Despite Air Canada's best efforts to the contrary, I have survived another edition of the Game Developers Conference.
This year's GDC was held March 8-12 at the San Jose convention center, and was by far the biggest of the innumerable (two) editions of the show my poor starving freelancer self was able to attend. As usual, several trends emerged from the talks and the expo floor, some of which came up again and again, in lectures by people from every corner of the industry, to an almost surreal effect. While it is far too soon to make intelligent guesses as to which of these trends will revolutionize the way we work and play, and which will turn into next year's vaporware buzzwords, I have never been one to refrain from reckless prognostication, so I'll jump into the fray and tell you what I think are, in no particular order, the 5 most important concepts discussed in San Jose.
At best, this article will establish my reputation as a visionary and bring in heaps of praise and lucrative consulting contracts for years and years to come. In all likelihood, it will give you plenty of reasons to seek me out at next year's show, so you can stand beside me and look smart in comparison.
Other things to keep in mind:
Both the PlayStation 2 and the X-Box promise developers the Holy Grail of effectively unlimited 3D capabilities. The numbers are staggering: 1 trillion operations per second on the X-Box, 300,000 polygons per frame at 60 frames per second using RenderWare 3 with only one of the vector units on PlayStation 2, etc. Even if you apply a healthy dose of skepticism and cut these numbers in half, the net results still boggle the mind.
For developers, this changes everything. Instead of making feature decisions based on hardware ("this won't work"), they will have to make them based on design choices ("we don't have time or money to do everything the machine can support, so what do we really want?") Low-polygon character models will soon be a not-particularly-pleasant memory, like smallpox, powder-blue polyester suits and the New Kids on the Block. The technological quantum leap also suggests that these machines will have longer life cycles than their predecessors: it will take many years before anyone even approaches the X-Box's limits. From the dark side, publisher pressure may drive development costs even further into the stratosphere. ("The machine can take it, so please add these 1,200 additional features, won't you?")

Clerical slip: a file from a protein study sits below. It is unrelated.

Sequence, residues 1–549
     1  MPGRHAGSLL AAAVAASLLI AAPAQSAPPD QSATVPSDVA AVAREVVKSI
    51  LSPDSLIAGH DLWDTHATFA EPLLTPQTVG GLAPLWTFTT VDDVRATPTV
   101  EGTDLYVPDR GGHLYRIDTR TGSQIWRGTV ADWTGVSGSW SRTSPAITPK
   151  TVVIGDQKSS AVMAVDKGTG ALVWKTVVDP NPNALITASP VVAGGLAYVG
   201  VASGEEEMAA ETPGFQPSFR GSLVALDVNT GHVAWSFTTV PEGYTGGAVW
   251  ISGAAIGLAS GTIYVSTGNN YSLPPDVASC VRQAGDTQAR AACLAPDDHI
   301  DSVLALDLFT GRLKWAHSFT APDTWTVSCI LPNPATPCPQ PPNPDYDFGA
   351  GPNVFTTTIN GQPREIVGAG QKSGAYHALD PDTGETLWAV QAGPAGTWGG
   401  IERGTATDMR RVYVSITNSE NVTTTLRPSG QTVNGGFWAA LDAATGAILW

Each of these machines comes with a caveat:
This was the single most pervasive idea at the show. Everybody talked about it, from Sony to Microsoft to Wild Tangent to Hasbro. (It made me feel pretty smart, considering that I suggested the exact same scheme to a broadband interactive TV project more than five years ago. Wait a sec while I pat myself on the back. Ahhh.)
There are several key reasons why distributing games as short episodes and/or time slices has everyone excited:
Of the U.S. households with internet accounts, 40% of those who have access to broadband connections (cable modems or xDSL) have adopted it. This rate of penetration is faster than that of the VCR.
Consoles are getting into the fray as well. PlayStation 2 will not ship with a modem (although it can accept a third-party USB device) because a broadband add-on is coming next year. X-Box will ignore traditional internet access entirely and ship with a 100 MB/sec Ethernet card. A massive installed base of broadband-enabled devices will make online distribution of demos, levels and even full games mainstream (especially for the X-Box with its 8 Gig hard drive) and will allow developers to create whole new genres of entertainment (i.e., 11-on-11 multiplayer football, massively multiplayer X-Wing dogfights, etc.)
Roller Coaster Tycoon was the best-selling game of 1999, and it came out at $29.95; Who Wants to Be a Millionnaire sold 600,000 copies in a month; Deer Avenger made the top 10. When a game is inexpensive, it can become an impulse buy, and once the impulse bug has hit a few hundreds of thousands of people, word of mouth takes over. Frogger's sales doubled from Year 1 to Year 2, and nearly tripled from Year 2 to Year 3. Yummy.
Low price points also make simpler games economically viable. Few people would spend $60 on a 100-level puzzle game on CD-ROM, but they will happily shell out $15 four times for the basic 25-level game and three add-on packs. Selling a piece of an episodic game online at 3-5$ also plays to consumer inertia (who will bother to cancel a $3 subscription?) and may have the additional side effect of making piracy obsolete (who will bother stealing a $3 game?)
Yes, the GDC is expensive. Yes, the food provided by the conference was unspeakable crud. Yes, the free shuttle service was woefully inadequate, with buses packed tighter than neutron stars going right by my hotel more often than not in the morning. Yes, I had to wait in line for an hour and forty-five minutes at registration because I never received my badge in the mail as promised, even though I paid online on December 23rd and showed up early. Yes, I do think that the conference is 20-40% overpriced. Of course, I would have appreciated if they had accepted my proposal for a lecture on speech interfaces and given me a free pass. I would also like to increase the value of the Canadian dollar, cure smelly feet and beat Roy Jones Jr.
Still, there is no substitute. See you there next year.
François-Dominic Laramée, March 2000